Fosters Food Fair is Turning up the Heat on Lionfish
Fosters Food Fair heard about the invasive red lionfish problem and contacted CITA to lend their support. Thanks to the programme where 5-cents is collected for every plastic bag sold in the Fosters stores, the company has generously provided a grant of CI $20,000 to CITA to help cull lionfish from the reefs. This effort was designed as a community based solution to the lionfish problem, where everyone can assist—from participating in the dives to buying the lionfish at the grocery store. For CITA, this was a great opportunity, as the non-profit organization already has a significant focus on the lionfish invasion through their watersports sector. Since these sponsored dives began in January 2012, more than 1400 lionfish have been removed from the reefs and placed in the seafood department for sale at Fosters (results are only from sponsored dives; lionfish removed through other efforts are not reported here).
Participating CITA watersports members offer lionfish culling dives almost every weekend. Interested divers can register with the dive shops directly. Participants go out on a two-tank dive to cull lionfish, which are then cleaned and delivered to the fish market at Foster’s Food Fair on Monday morning. Lionfish filet is light, delicately flavored and reportedly very good eating. Fosters Food Fair is hoping their Monday lionfish catch will be popular with local cooks. Even now, shoppers can purchase fresh lionfish in the seafood department at Fosters Food Fair stores.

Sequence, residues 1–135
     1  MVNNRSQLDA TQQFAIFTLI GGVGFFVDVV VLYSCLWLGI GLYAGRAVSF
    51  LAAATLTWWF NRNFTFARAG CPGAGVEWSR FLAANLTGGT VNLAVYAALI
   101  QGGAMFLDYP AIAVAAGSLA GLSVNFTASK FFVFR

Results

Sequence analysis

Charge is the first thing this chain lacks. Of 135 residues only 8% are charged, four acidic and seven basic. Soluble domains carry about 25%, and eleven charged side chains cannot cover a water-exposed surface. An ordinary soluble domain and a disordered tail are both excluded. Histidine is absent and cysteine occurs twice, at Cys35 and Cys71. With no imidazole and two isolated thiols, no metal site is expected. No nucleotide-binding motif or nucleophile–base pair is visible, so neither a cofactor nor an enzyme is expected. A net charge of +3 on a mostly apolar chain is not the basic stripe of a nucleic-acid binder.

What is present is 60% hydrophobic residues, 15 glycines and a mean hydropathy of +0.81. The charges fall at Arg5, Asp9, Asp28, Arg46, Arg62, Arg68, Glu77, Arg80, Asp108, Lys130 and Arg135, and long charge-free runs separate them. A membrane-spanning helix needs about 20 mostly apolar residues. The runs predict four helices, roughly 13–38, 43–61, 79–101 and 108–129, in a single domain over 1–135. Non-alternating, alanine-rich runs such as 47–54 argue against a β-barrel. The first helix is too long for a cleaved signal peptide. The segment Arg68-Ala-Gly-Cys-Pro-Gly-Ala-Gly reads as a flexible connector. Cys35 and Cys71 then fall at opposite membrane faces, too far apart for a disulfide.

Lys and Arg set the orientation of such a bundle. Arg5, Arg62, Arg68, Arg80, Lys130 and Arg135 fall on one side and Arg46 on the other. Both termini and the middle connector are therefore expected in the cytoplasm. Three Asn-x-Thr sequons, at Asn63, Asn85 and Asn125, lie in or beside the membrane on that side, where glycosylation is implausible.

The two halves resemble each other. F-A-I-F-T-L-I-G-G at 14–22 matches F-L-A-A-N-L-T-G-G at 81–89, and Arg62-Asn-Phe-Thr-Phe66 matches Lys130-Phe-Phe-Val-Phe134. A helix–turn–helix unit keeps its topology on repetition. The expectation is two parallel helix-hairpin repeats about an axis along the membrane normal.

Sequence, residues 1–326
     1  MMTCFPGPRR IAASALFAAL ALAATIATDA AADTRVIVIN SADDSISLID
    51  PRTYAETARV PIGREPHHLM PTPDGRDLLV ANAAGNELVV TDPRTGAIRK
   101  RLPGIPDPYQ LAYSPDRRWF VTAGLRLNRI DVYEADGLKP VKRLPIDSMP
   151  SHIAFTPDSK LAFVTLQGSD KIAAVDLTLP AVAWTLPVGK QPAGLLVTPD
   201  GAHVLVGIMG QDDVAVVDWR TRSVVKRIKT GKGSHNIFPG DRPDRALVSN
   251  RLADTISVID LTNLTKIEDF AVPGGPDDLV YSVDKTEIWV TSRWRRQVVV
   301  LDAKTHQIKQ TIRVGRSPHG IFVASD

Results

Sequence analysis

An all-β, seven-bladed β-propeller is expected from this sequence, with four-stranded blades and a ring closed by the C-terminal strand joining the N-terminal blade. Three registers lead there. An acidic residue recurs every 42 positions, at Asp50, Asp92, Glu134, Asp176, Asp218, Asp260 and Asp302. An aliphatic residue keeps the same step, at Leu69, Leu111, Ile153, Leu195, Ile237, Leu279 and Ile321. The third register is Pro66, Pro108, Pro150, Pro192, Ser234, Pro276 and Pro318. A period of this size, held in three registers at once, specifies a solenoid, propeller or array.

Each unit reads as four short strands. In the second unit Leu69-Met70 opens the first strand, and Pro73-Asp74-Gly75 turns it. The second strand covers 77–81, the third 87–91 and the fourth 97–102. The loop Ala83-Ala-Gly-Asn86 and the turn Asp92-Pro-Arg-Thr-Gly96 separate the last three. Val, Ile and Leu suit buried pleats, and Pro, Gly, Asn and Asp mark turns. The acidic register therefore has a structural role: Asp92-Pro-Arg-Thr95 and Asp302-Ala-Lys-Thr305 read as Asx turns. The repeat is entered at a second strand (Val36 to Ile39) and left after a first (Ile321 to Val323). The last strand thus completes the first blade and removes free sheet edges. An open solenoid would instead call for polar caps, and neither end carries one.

‘By offering these dedicated dives to remove lionfish on a regular basis, we are not only protecting our marine environment, but one can argue that we are protecting our tourism industry as well,’ states Jane van der Bol, Executive Director for CITA. ‘It is well documented that most tourist arrive to our shores to enjoy the beautiful natural environment that our island and surrounding waters offer. CITA and our watersports operators are excited to be a partner with Fosters to help keep our tourism product as healthy and vibrant as possible!’
Originally from the Pacific Ocean and popular as aquarium fish, lionfish are colorful with venomous spines. First spotted in Florida waters in 1985, the population of the voracious predator has exploded in recent years and spread throughout the Caribbean. To control this marine pest, conservation groups are encouraging fishermen and divers to catch lionfish and eat them. A lionfish cookbook featuring 45 recipes is now available. Lionfish arrived in Cayman waters about three years ago and they continue to multiply and threaten smaller reef fish.
If someone is interested in participating, but is not licensed to cull lionfish through the Department of the Environment, they can still register. Lionfish “spotters” are also needed on board the dive boats. Protecting and preserving the beautiful coral reefs from the invasive lionfish is an effort in which everyone can participate.
Learn when the next Fosters Food Fair Lionfish culling dives take place by clicking here.